7 Tips for New Dual Language Teachers

Are you a new Dual language teacher? Welcome! I hope you'll find this tips helpful! 

This post may contain affiliate links. 

It might seem obvious, duh I'm a teacher of course I have to be patient! 
It is so different when you have a room full of kiddos who are learning a language. 
You will give directions and some students will give you a blank stare because they have no idea what just happened. Let me tell you, when teaching language learners, you will have to find the patience you didn't know you had. 
Speaking to a group of kids who are learning a language will not be easy. You will become more and more creative to get your point across. When you feel like you're about to lose it, take a deep breath and remember you can do this!

Wether you're a one or two-teacher model, work with your colleagues whenever it's possible. It will make your life easier! It will lessen your work load and you might find a good teacher friend to go out with on Fridays! 
Plan together, help each other and share ideas. Dual language works better when all teachers are working as a team!! 

If you're lucky enough to have your district give you a scope and sequence or a pacing guide you've hit the jackpot! Read it! Learn it! Use it!
If your district does not provide one, look at your standards  and try mapping out one or two weeks. 
This is also when #2 comes into place, work with your team. Divide up the load and collaborate.

I know this might seem dumb but my first year teaching I bought a planner that I didn't really use because I didn't like it. I refused to buy a new one because I didn't want to spend again but I wish I had. 
Planners are not just about having pretty paper to write with. Your planner will become your bible. Take it to all faculty and grade level meetings.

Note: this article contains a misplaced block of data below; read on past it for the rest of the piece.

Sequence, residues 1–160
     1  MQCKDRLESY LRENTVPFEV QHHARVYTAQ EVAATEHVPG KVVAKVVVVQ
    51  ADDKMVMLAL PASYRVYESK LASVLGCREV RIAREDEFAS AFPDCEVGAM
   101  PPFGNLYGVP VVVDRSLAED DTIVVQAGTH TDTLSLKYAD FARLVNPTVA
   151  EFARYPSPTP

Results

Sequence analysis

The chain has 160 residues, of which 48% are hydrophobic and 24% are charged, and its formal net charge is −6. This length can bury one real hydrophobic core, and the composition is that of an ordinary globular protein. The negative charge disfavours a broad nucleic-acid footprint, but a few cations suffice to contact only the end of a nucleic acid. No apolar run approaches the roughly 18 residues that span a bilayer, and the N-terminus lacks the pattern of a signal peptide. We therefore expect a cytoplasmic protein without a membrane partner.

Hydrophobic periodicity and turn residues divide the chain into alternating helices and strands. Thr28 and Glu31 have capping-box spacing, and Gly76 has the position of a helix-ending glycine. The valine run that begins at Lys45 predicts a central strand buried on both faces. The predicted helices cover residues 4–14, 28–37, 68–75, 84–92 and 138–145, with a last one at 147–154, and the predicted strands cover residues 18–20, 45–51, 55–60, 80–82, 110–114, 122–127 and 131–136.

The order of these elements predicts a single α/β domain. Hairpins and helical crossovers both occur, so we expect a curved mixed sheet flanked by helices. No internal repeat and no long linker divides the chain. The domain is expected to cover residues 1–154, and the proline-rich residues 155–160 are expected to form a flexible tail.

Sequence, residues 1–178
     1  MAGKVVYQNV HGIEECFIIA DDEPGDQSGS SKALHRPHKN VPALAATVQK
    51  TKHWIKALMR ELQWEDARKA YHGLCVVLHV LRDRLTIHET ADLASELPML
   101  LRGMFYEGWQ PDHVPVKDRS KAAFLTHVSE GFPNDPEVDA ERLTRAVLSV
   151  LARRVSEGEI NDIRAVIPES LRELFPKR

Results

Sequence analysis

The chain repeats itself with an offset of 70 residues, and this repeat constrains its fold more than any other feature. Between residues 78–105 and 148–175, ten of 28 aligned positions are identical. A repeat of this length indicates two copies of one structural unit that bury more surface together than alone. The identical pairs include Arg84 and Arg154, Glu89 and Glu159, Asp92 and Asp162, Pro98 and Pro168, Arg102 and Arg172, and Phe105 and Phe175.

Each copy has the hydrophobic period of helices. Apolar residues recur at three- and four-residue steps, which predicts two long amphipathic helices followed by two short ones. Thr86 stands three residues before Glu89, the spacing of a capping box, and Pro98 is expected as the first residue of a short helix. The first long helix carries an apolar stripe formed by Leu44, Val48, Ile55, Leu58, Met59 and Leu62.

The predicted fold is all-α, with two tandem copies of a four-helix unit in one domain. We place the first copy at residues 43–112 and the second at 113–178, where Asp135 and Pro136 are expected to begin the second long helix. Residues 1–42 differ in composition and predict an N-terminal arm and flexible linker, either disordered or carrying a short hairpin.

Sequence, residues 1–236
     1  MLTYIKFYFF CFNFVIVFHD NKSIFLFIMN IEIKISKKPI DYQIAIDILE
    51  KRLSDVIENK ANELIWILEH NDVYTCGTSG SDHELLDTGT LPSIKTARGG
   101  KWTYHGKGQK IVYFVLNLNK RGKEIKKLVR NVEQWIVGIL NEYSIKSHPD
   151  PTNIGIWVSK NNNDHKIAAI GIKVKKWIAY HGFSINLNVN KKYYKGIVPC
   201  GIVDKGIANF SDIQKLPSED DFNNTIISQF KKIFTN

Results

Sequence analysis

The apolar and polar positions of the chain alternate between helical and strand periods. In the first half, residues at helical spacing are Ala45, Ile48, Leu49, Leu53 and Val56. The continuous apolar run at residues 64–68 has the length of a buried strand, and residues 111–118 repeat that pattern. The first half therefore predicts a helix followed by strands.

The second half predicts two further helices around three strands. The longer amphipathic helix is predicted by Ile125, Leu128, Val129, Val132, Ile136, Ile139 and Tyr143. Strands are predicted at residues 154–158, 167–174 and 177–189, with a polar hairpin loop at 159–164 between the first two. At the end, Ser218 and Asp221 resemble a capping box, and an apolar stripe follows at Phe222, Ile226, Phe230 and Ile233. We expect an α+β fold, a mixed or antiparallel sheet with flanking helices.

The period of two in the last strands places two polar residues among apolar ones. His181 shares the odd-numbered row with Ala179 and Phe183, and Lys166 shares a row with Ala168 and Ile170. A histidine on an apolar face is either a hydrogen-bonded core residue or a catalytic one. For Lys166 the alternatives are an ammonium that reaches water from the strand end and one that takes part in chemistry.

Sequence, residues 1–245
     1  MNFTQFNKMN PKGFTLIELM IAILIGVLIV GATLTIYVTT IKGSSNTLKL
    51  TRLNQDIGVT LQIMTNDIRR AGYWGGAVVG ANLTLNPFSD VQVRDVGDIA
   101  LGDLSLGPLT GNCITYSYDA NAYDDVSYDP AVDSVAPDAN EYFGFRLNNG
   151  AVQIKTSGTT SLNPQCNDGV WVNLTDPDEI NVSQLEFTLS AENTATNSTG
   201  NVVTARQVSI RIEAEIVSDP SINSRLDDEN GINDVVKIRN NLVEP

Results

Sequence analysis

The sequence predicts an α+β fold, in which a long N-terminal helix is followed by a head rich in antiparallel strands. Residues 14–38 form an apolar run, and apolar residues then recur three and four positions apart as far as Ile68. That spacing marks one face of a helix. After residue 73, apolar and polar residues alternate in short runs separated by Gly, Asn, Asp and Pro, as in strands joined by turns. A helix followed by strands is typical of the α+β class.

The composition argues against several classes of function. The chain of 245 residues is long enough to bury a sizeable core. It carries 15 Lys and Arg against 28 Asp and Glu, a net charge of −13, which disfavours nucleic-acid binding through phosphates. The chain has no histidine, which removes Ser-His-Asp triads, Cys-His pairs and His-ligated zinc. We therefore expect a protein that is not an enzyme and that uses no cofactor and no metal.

This is my favorite planner.

I have been using it for two years now and I love how flexible it is to my needs. I can add pages, folders, and don't even get me started on the cute stickers and washi tape!

I know you probably already heard in all your college classes that it takes YEARS to acquire a new language. Your students will not become 100% fluent in a year. The Dual Language program takes time. 
However, if you stay true to the program, follow the guidelines and don't give up when you're working on a target language you WILL see results and progress. 
If you are working on a specific target language, do not translate. 
What can you do instead? Use visuals, gestures, peer discussions, sentence stems, etc.
It will be difficult at the beginning but your students WILL learn the language. 

Do not be afraid to ask for help. You will need to reach out to someone MANY times during the school year. Veteran teachers still ask for help. No one will think less of you because you are asking for help.

I'm also here to help!! If you need help finding a resource, setting up centers or need classroom advice, contact me and I'll be happy to help! 

If you feel the urge to prepare over the summer (also completely ok if you're not), begin by making a list of the must-have resources you will need in your classroom (word walls, schedule, rules,objectives, etc..)That will give you time to THEN move on to the cutesy wants. 

Some BONUS tips from fellow dual language teachers:
  • "Lots and lots of patience. They're will be a lot of changes your 2nd year and every year after." - Veronica 
  • "Get your hands on the curriculum and study it well. Make sure you have a print rich environment in BOTH languages!" - Janie
  • "Love your students as much as you can! It encourages and comforts them in what can be a very stressful process." - Adriana

Good luck! Remember we are here to help <3


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